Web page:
- Facade B-s1,d0 (difficult to combust, low smoke production, no burning droplets)
- No combustible insulation materials, only A2-s1,d0
- Certain areas of the façade are sprinkler protected (The balconies and the two first levels).
- Firestop in the cavities of the external façade. Vertical gaps are thus closed for each floor. In addition there are fire stops over the windows to further reduce the chance for fire spread in the façade.

How do you recommend that the charred columns/braces be repaired to reinstate their structural integrity after a fire scenario?

The charred layers can be removed and surfaces cleaned.  A new layer of timber can then be glued to the surfaces to reinstate the protective pre-char layer required to achieve the 2hr fire rating.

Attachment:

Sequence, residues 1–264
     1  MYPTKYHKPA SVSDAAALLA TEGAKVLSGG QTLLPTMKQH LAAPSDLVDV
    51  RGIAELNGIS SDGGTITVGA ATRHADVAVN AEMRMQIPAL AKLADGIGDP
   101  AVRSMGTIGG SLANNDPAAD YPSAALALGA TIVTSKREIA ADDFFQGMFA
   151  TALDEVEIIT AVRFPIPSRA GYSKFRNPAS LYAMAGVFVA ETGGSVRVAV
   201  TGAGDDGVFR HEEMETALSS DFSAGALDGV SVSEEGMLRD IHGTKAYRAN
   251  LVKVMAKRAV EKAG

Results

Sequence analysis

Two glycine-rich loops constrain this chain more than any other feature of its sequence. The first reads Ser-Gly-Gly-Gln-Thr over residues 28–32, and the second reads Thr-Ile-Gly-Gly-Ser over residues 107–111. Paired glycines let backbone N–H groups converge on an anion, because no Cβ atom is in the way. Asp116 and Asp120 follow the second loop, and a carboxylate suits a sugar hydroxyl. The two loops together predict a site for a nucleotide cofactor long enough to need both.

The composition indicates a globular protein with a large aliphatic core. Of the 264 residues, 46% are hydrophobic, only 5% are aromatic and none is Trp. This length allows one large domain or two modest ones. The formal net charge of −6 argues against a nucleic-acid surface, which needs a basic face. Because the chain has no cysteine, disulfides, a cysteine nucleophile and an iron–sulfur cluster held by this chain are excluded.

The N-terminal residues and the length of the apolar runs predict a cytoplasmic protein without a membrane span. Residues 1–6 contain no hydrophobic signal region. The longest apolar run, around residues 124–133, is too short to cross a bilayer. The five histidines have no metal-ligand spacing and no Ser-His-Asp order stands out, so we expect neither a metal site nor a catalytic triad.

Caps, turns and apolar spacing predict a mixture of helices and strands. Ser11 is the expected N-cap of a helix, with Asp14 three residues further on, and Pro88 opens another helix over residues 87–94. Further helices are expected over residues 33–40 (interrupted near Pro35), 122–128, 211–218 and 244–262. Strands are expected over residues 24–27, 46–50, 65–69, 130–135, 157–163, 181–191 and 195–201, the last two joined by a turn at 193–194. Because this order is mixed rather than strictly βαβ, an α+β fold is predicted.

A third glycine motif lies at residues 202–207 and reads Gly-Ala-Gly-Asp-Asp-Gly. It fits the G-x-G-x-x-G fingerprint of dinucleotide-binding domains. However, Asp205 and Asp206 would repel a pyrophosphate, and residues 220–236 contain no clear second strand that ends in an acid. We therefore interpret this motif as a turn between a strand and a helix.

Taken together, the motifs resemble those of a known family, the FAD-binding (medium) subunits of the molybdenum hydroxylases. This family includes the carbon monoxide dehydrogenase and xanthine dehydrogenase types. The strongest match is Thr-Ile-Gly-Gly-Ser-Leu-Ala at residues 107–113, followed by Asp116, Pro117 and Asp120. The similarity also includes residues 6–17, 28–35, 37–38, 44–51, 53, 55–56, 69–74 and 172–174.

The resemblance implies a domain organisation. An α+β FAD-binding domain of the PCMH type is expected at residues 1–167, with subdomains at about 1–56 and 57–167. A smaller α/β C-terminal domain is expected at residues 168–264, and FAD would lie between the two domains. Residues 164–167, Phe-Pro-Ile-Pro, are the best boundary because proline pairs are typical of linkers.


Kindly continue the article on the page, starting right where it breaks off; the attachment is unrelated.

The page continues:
Why having the concrete slabs at the top and not the bottom of the structure?

This is governed by the dynamic design. The higher up you put the mass - the more you slow down the movements in the building.

How was the concrete connected to the timber members?

There were holes in the concrete slabs spaced 200 mm where we could insert big timber screws into the glulam. Later on these holes were filled with concrete to make a proper shear connection